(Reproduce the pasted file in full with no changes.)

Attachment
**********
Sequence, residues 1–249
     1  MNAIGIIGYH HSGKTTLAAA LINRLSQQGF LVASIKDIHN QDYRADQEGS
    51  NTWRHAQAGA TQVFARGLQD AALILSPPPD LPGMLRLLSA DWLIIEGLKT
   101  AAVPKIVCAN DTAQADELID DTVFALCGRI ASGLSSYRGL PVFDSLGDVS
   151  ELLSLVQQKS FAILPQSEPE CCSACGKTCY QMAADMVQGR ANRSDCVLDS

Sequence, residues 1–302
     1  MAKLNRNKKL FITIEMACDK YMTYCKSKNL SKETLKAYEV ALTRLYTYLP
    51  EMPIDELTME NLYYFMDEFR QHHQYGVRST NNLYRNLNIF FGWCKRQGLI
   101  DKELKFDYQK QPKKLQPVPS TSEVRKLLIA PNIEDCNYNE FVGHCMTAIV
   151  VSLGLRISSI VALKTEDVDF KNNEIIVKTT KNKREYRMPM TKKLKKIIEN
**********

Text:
Sequence, residues 1–249
     1  MNAIGIIGYH HSGKTTLAAA LINRLSQQGF LVASIKDIHN QDYRADQEGS
    51  NTWRHAQAGA TQVFARGLQD AALILSPPPD LPGMLRLLSA DWLIIEGLKT
   101  AAVPKIVCAN DTAQADELID DTVFALCGRI ASGLSSYRGL PVFDSLGDVS
   151  ELLSLVQQKS FAILPQSEPE CCSACGKTCY QMAADMVQGR ANRSDCVLDS

Sequence, residues 1–302
     1  MAKLNRNKKL FITIEMACDK YMTYCKSKNL SKETLKAYEV ALTRLYTYLP
    51  EMPIDELTME NLYYFMDEFR QHHQYGVRST NNLYRNLNIF FGWCKRQGLI
   101  DKELKFDYQK QPKKLQPVPS TSEVRKLLIA PNIEDCNYNE FVGHCMTAIV
   151  VSLGLRISSI VALKTEDVDF KNNEIIVKTT KNKREYRMPM TKKLKKIIEN